Last year, the world lost trees covering more than 29 million acres, an area roughly the size of the entire state of Pennsylvania. It’s a painful statistic to read, but fortunately, there are also early signs that some efforts to stop business practices that drive deforestation might be working.
Using global satellite data and an algorithm, researchers at the University of Maryland looked at where the tree canopy was disappearing. Bolivia, for instance, saw a record-breaking number of trees lost to fires. But in some areas, the trend is moving in the other direction.
In Indonesia, where the government has stepped up enforcement to prevent land clearing and forest fires, tree cover loss shrank 5% from the previous year. In Colombia, where the government is also increasing enforcement, tree loss also dropped.
And in Ghana and Ivory Coast, loss of old-growth rain forest was a staggering 50% lower than in 2018. It’s too early to say definitively why some West African countries made so much progress, but it’s possible that efforts from chocolate companies—who source cocoa from the area—are helping, in partnership with governments there.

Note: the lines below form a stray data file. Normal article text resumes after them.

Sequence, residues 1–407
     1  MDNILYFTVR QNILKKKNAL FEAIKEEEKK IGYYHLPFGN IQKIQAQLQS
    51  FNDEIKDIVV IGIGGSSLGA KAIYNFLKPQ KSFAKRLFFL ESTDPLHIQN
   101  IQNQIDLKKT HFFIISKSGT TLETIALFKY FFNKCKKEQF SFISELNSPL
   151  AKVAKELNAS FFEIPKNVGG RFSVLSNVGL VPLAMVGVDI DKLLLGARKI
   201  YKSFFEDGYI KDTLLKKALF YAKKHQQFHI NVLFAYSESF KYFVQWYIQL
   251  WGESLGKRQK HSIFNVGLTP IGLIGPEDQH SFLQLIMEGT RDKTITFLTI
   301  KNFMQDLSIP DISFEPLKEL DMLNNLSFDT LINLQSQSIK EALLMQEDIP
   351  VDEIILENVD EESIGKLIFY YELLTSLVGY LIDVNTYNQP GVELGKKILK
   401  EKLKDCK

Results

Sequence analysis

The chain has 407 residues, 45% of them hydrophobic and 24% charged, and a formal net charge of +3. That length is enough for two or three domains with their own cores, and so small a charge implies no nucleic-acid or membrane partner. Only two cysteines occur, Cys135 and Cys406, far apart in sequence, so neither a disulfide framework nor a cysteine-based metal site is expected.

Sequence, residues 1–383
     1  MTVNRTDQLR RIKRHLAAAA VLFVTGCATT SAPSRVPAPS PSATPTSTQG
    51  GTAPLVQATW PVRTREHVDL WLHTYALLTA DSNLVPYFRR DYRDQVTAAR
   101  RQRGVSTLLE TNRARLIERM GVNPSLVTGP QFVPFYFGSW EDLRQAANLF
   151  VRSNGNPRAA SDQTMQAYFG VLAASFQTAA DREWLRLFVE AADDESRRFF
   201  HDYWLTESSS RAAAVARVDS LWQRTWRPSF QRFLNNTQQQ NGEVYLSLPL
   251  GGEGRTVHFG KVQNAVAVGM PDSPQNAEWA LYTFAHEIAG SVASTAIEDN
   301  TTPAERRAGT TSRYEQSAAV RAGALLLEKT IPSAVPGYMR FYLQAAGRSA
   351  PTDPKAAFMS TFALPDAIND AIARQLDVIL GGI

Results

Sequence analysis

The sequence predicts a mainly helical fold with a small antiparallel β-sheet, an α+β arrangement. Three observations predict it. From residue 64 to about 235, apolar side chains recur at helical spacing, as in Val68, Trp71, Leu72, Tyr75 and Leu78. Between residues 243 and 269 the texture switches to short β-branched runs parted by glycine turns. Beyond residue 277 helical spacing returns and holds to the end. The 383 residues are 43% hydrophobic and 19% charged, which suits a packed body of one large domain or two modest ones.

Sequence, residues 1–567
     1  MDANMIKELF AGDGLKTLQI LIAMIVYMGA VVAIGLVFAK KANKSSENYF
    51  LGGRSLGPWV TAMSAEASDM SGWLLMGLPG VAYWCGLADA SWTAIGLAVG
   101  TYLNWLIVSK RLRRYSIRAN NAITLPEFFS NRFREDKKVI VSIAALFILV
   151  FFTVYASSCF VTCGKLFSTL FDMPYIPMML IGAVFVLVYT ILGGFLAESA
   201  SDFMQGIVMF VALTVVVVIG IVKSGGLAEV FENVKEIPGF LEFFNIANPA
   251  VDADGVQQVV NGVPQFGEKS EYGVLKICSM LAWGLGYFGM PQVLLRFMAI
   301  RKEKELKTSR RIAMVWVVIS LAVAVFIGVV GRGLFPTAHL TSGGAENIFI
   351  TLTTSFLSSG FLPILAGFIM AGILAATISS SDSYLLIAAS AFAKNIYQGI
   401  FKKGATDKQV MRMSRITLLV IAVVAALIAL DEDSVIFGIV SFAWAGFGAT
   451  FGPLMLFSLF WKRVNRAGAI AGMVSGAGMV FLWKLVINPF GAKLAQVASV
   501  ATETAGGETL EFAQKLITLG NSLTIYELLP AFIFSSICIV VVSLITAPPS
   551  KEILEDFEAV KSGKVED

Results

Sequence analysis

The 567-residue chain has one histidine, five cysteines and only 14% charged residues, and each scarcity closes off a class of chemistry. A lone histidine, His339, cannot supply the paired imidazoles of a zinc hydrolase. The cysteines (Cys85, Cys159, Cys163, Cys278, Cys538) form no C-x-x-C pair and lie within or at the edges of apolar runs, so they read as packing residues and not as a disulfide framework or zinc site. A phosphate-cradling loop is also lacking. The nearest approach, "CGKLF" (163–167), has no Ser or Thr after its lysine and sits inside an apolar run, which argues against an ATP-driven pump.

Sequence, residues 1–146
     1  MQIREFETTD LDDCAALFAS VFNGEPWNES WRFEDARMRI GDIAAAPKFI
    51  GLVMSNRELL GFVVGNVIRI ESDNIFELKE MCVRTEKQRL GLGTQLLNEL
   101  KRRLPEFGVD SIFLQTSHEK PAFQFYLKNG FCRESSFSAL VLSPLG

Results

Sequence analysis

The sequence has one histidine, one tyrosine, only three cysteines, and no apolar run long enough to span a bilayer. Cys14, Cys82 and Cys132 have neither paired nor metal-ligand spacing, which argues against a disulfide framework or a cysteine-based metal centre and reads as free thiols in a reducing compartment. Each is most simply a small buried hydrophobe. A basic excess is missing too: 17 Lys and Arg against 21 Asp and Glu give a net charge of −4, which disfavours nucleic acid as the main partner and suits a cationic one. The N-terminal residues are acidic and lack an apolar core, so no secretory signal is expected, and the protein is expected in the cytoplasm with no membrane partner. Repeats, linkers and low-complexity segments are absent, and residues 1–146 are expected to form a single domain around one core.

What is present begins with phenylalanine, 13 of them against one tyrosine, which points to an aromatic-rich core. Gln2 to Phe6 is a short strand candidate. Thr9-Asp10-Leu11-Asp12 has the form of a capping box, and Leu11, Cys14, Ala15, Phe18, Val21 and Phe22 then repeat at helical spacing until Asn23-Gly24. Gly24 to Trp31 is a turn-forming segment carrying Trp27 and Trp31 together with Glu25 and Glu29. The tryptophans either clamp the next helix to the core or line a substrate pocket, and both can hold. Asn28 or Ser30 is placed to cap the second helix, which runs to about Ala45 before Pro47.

Hershey, for example, is working with cocoa farmers to help them grow more on the same amount of land and find other ways to avoid deforestation as production expands. More than 100 cocoa and chocolate companies are members of the Cocoa and Forests Initiative, a group that is mapping cocoa farms and working closely with governments to put the right policy in place to protect trees.
The challenge in the area is huge; over the last 50 years, Ivory Coast has lost 80% of its forests. But the new satellite data suggests that some changes are helping.
“It’s kind of a tantalizing clue, an early signal, that this kind of connection between public efforts and private efforts might be able to be effective,” says Frances Seymour, a distinguished senior fellow at the nonprofit World Resources Institute.